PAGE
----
UnderSecretary Frank Moss, the guy behind the chipped passport program came to the Conference on Computers, Freedom, and Privacy to present on the project. Gotta give him credit for facing the toughest audience possible.

When I asked what would happen if a passport with a smashed chip was presented on re-entry to the US, he replied "Oh, we'll let you in, eventually. First you'll spend a few hours at our tender mercies."

Photo: Moss demonstrates the reader. Also, EFF's John Gilmore, Travel writer Ed Hasbrouck, and yours truly, with the hair.

Hasbrouk's blog The Practical Nomad is the top resource on Freedom to Travel.

This year's CFP starts Tuesday, in Montreal. I'll be in attendance, if Canadian Immigration lets me in the country.
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Codeblue Donating Member (466 posts) Send PM | Profile | Ignore Sat Jan-20-07 10:20 PM
Response to Original message
11. Canada
Do they have similar plans? If not, that's the route I'm going. Going to go down to the Canadian Consulate soon and get my citizenship papers (dad is a Canadian citizen) and get a Canadian passport. Probably be safer for travelling the world with anyway.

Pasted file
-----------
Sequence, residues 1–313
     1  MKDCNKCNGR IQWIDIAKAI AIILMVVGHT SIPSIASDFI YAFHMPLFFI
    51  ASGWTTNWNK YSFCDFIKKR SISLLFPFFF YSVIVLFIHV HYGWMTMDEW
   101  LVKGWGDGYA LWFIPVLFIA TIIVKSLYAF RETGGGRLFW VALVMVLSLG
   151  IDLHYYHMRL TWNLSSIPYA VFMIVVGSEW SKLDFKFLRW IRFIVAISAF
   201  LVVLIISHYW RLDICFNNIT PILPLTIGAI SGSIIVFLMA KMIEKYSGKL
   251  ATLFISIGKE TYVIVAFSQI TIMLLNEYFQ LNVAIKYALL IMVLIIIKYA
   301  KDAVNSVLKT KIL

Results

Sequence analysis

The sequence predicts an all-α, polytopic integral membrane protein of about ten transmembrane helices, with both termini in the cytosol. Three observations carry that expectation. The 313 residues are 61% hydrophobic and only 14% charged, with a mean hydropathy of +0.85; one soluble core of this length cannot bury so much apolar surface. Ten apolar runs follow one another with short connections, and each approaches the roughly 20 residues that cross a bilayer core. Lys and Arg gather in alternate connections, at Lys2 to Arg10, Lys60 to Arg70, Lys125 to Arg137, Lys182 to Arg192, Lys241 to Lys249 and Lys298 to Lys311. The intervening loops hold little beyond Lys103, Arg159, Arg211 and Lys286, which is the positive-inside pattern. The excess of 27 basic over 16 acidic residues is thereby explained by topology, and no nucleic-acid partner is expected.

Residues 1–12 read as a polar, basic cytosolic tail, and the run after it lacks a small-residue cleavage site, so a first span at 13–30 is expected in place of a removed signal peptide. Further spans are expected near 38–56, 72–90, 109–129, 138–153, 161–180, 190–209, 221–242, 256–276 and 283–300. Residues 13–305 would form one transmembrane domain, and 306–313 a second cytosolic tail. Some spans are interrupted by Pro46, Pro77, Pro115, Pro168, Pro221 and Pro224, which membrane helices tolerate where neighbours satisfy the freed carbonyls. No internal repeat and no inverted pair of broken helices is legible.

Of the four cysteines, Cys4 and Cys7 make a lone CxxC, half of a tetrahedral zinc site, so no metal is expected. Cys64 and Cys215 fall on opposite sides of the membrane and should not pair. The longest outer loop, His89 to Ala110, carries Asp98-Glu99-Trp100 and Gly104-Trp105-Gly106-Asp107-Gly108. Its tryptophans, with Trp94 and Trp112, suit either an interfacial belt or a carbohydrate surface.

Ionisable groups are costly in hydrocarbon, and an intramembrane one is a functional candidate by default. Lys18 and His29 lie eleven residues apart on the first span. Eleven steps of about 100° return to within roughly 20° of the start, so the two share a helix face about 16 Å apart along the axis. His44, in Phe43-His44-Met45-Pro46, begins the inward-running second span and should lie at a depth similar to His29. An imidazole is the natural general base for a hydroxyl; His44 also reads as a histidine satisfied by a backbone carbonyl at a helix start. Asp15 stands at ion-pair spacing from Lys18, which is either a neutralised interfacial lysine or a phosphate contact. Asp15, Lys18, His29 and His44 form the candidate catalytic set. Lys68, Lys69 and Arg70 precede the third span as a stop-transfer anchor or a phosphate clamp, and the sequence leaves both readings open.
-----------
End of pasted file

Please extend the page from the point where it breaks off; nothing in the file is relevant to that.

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jberryhill Donating Member (1000+ posts) Send PM | Profile | Ignore Wed Apr-18-07 09:46 AM
Response to Original message
13. There is a material specifically made for this

Conductive anti-static poly bags are available in all shapes and sizes. It is the material in which RFID toll-payment devices are shipped, as well as most other electronic equipment.

They cost pennies.

You don't need lead foil or any other nonsense like that.

Seriously, when you mail-order a toll pass, just what do you THINK keeps it from triggering highway toll devices from manufacture to your door?
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thinkbridge Donating Member (27 posts) Send PM | Profile | Ignore Fri Apr-20-07 03:28 AM
Response to Original message
14. next stop for RFID chips: your brain
so I read in an older New Scientist mag - so watch out!
this was supposed to make it easy to just walk into a store, grab some items, and walk out, and Big Brother conveniently deducts money from your account!
Now you'd REALLy better watch out for those hackers from China...